american-lifespan-shorter-than-older-developed-countries

American lifespan shorter than other developed countries


Americans are living shorter than other people in developed countries largely due to an increase in car accidents, shootings, and drug overdoses. These incidences result in over 100,000 deaths annually.

On average, Americans live two years shorter than people in Austria, Denmark, Finland, Germany, Italy, Japan, the Netherlands, Norway, Portugal, Spain, Sweden, and the United Kingdom. Lead researcher Andrew Fenelon said, “About 50 percent of the gap for men and about 20 percent for women is due just to those three causes of injury.”
Shootings, car accidents, and drug overdoses account for four percent of deaths in America, and even though this may not seem significant, they still play a large role in the overall life expectancy. Fenelon added, “When young people die, they lose many more years of life than older people, so the things that kill younger people may be more important for life expectancy.”

To conduct their study, researchers examined data from the U.S. National Vital Statistics System and the World Health Organization Mortality Database. They calculated death by age, gender, and cause for America and 12 comparative countries.

Dr. David Katz, president of the American College of Lifestyle Medicine added, “We have long had clear evidence that life expectancy in the U.S. lags behind many of our peer countries around the world, and here we are told why. There are ongoing efforts, in both law enforcement and engineering, to reduce the toll of car crashes. The nation is slowly, but inexorably, directing more attention to the crisis of drug abuse. Whether or not the cold, hard calculus of epidemiology is enough to provoke meaningful action related to guns remains to be seen.”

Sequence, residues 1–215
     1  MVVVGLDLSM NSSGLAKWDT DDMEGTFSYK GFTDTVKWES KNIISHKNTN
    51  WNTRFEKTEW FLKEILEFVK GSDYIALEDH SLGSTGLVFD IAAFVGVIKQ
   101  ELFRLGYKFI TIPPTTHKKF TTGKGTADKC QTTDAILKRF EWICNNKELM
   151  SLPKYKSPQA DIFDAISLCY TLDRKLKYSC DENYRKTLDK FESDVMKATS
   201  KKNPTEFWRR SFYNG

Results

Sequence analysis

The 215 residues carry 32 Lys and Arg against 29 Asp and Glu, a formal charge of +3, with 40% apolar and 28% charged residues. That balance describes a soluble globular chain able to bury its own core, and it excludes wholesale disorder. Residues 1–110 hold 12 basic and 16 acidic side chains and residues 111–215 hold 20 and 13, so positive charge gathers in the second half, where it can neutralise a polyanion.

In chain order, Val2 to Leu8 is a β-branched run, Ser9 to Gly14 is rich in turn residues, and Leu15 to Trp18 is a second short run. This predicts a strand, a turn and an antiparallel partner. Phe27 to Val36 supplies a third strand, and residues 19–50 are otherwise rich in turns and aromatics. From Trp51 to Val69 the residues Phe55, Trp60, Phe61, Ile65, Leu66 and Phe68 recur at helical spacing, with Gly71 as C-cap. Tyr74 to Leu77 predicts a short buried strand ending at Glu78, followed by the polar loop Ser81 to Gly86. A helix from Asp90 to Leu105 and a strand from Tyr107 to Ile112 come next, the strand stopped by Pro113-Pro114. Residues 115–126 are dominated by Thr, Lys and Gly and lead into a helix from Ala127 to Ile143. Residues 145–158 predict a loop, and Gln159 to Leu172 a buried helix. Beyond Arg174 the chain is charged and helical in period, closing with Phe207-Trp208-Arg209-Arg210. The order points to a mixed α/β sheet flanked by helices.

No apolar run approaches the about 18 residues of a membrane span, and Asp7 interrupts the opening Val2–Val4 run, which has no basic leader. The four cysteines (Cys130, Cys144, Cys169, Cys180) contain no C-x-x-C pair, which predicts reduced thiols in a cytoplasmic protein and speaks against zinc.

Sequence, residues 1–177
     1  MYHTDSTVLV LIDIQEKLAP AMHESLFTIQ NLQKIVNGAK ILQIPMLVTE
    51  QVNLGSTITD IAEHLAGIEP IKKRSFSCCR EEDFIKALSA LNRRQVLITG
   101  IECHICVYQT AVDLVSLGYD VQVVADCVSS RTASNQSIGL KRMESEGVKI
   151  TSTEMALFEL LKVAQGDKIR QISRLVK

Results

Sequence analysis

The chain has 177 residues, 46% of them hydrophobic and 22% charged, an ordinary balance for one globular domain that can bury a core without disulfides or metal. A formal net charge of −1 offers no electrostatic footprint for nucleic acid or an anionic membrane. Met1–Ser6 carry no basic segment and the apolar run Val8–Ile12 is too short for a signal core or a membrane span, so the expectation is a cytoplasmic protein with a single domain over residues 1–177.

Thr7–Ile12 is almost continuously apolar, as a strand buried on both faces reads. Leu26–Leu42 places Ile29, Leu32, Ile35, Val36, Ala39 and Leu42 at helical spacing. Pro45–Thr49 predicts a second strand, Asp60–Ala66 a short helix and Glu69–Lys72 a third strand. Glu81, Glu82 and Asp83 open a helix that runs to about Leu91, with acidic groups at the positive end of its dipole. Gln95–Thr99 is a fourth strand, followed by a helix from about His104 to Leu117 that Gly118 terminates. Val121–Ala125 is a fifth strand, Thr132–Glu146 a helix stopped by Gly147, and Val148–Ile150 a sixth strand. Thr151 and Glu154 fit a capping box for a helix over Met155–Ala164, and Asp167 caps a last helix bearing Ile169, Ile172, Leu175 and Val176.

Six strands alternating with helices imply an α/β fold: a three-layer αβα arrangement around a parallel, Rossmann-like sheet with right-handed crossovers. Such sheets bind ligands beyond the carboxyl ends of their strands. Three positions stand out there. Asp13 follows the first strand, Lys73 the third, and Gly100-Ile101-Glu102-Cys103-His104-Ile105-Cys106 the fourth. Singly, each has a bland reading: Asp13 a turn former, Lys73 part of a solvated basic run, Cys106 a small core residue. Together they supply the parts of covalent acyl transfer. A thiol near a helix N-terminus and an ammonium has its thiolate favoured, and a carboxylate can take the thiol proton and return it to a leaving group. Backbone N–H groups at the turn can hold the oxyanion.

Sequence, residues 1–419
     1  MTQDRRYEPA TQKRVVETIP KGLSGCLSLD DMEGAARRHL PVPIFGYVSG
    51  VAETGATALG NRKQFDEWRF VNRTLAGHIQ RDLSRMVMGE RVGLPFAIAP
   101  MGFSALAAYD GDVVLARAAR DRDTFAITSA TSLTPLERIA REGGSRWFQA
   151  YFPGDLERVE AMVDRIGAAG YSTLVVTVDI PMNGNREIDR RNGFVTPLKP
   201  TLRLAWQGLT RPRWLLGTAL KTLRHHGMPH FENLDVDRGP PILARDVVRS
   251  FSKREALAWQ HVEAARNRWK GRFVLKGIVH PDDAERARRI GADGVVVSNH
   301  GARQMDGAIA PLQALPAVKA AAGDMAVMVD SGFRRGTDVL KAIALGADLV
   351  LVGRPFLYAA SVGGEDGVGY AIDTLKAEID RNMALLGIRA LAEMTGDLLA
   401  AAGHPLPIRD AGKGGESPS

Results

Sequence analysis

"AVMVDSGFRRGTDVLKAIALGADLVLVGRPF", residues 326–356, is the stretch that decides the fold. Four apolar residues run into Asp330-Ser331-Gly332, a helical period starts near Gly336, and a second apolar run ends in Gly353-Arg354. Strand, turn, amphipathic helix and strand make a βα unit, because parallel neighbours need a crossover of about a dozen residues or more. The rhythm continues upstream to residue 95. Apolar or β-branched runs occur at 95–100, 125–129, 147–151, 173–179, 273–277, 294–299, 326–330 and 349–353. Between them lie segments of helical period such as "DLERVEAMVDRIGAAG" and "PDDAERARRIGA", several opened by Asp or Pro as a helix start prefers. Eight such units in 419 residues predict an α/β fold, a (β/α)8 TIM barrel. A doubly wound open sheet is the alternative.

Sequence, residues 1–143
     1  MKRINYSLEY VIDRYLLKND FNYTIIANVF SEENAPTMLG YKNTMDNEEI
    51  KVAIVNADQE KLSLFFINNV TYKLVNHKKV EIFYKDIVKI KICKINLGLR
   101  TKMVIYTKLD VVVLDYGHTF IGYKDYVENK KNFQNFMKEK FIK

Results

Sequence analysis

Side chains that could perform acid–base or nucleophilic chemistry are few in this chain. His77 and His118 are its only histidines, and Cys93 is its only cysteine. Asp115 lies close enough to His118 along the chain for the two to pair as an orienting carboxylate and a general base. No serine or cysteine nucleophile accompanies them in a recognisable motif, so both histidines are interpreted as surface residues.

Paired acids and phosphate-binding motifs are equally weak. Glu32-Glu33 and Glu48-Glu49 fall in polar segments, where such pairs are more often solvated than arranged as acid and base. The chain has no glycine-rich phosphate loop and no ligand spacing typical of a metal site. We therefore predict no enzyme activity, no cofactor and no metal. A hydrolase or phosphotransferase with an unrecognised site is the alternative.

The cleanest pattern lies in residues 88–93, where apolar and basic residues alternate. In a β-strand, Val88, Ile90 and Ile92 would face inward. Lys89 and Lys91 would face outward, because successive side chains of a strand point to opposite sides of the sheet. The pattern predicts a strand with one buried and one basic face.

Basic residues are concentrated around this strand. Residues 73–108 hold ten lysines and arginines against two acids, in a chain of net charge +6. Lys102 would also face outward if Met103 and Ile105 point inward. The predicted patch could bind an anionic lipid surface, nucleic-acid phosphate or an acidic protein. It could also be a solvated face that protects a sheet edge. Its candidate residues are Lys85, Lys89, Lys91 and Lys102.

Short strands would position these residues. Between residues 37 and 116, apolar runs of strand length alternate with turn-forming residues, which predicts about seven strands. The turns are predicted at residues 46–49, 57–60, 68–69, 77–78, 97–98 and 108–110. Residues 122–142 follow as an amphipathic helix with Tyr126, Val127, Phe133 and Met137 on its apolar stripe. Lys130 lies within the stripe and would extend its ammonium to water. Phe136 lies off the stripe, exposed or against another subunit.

Source:
http://consumer.healthday.com/senior-citizen-information-31/misc-death-and-dying-news-172/why-americans-have-shorter-lives-than-those-in-similar-nations-707893.html

Author Bio

Emily Lunardo studied medical sociology at York University with a strong focus on the social determinants of health and mental illness. She is a registered Zumba instructor, as well as a Canfit Pro trainer, who teaches fitness classes on a weekly basis. Emily practices healthy habits in her own life as well as helps others with their own personal health goals. Emily joined Bel Marra Health as a health writer in 2013.

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